May 30, 2019
2.00 p.m. - 4.00 p.m.
ICS Seminar Room, 4th Floor, Block B, IPS Building, University of Malaya, Kuala Lumpur
Director, China Power Project, Center for Strategic and International Relations (CSIS)
China has enduring interests on the Korean Peninsula, including: (1) preserving peace; (2) averting instability; (3) preventing unification under US influence and with the continued presence of sizeable US military forces; and, if possible, (4) eliminating nuclear weapons. The prospects of an end to the post-Korean War stalemate on the Peninsula poses both risks and opportunities for China. After a long period of high-level disengagement between Chinese and North Korean leaders, Xi Jinping and Kim Jong Un held four summits in the past year. While much attention has been paid to these leadership meetings, there has been less focus on lower level bilateral interactions between China and North Korea. Those interactions provide insight into how China manages its relationship with North Korea and how it seeks to influence developments on the Peninsula. For Beijing, enhancing Chinese influence on the Korean Peninsula is important because the long-term strategic orientation of the Peninsula is pivotal in terms of the balance of power in the region between China and the United States Bonnie Glaser will discuss recent developments in China’s relations with North Korea. She will present new data to contextualize China’s changing relationship with North Korea.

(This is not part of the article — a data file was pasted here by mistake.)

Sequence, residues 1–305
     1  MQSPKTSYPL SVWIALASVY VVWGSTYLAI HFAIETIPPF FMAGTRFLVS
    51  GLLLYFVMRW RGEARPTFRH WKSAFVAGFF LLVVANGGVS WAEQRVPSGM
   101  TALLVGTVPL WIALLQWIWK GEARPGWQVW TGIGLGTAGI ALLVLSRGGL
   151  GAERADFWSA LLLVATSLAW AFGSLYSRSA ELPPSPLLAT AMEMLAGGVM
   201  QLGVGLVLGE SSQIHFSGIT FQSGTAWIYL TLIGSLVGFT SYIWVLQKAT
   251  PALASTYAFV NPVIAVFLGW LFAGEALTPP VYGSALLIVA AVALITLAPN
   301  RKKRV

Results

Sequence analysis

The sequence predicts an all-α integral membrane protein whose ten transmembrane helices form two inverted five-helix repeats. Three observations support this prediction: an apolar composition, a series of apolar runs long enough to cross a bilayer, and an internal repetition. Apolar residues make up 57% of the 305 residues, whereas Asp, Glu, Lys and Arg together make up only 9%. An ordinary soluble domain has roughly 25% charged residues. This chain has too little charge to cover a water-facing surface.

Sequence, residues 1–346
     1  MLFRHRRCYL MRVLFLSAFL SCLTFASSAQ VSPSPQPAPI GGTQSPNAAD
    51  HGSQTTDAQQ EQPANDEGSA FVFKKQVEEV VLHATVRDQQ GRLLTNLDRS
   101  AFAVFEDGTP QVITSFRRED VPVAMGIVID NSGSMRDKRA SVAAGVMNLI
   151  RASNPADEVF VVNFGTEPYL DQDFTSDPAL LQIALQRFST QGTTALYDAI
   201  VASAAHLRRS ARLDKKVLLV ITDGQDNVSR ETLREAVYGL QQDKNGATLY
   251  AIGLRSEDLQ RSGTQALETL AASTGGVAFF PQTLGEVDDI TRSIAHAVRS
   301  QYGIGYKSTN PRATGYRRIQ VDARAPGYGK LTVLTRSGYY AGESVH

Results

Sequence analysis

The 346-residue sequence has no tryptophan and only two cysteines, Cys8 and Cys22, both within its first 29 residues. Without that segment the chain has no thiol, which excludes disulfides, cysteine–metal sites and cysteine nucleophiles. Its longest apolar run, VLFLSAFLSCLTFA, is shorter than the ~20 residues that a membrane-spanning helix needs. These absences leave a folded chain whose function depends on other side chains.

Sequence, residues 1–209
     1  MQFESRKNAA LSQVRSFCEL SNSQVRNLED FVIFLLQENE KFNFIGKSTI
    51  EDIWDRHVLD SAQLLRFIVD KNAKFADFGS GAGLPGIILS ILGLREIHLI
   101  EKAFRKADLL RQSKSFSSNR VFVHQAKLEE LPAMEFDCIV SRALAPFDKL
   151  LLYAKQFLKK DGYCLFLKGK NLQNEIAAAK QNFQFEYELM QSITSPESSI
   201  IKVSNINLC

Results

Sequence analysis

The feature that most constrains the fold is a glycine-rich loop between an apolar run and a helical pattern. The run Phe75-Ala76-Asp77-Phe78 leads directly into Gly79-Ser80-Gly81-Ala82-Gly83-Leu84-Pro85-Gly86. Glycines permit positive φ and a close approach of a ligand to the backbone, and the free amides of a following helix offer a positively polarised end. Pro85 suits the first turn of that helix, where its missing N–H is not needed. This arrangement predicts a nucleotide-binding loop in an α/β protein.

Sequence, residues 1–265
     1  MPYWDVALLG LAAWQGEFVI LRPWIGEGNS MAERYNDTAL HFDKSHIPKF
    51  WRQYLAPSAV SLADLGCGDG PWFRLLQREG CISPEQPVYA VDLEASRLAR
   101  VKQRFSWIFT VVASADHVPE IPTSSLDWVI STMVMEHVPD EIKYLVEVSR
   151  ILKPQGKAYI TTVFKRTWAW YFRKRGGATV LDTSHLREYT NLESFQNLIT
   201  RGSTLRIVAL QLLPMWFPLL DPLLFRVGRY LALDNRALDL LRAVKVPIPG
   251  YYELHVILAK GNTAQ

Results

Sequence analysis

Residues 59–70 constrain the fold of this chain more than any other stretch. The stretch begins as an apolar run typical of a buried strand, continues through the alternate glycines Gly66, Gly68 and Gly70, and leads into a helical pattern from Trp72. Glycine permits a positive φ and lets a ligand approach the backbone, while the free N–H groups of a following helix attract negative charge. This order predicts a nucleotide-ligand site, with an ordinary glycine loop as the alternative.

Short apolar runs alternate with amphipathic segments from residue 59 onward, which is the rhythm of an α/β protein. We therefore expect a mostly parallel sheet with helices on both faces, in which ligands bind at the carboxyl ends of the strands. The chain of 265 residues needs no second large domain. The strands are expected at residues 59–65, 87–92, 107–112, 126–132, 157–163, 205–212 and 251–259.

Last Update: 16/03/2022